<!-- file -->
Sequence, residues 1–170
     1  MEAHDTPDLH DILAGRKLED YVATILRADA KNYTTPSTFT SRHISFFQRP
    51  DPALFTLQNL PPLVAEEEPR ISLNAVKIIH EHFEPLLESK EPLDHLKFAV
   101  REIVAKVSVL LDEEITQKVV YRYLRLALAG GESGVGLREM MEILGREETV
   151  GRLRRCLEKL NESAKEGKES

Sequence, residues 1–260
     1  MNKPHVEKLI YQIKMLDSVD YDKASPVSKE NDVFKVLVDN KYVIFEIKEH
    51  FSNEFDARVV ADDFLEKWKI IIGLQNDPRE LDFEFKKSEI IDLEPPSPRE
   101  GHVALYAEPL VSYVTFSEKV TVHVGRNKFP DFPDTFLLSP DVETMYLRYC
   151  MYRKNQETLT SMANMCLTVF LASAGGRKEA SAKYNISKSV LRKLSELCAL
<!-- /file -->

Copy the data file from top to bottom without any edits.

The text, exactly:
Sequence, residues 1–170
     1  MEAHDTPDLH DILAGRKLED YVATILRADA KNYTTPSTFT SRHISFFQRP
    51  DPALFTLQNL PPLVAEEEPR ISLNAVKIIH EHFEPLLESK EPLDHLKFAV
   101  REIVAKVSVL LDEEITQKVV YRYLRLALAG GESGVGLREM MEILGREETV
   151  GRLRRCLEKL NESAKEGKES

Sequence, residues 1–260
     1  MNKPHVEKLI YQIKMLDSVD YDKASPVSKE NDVFKVLVDN KYVIFEIKEH
    51  FSNEFDARVV ADDFLEKWKI IIGLQNDPRE LDFEFKKSEI IDLEPPSPRE
   101  GHVALYAEPL VSYVTFSEKV TVHVGRNKFP DFPDTFLLSP DVETMYLRYC
   151  MYRKNQETLT SMANMCLTVF LASAGGRKEA SAKYNISKSV LRKLSELCAL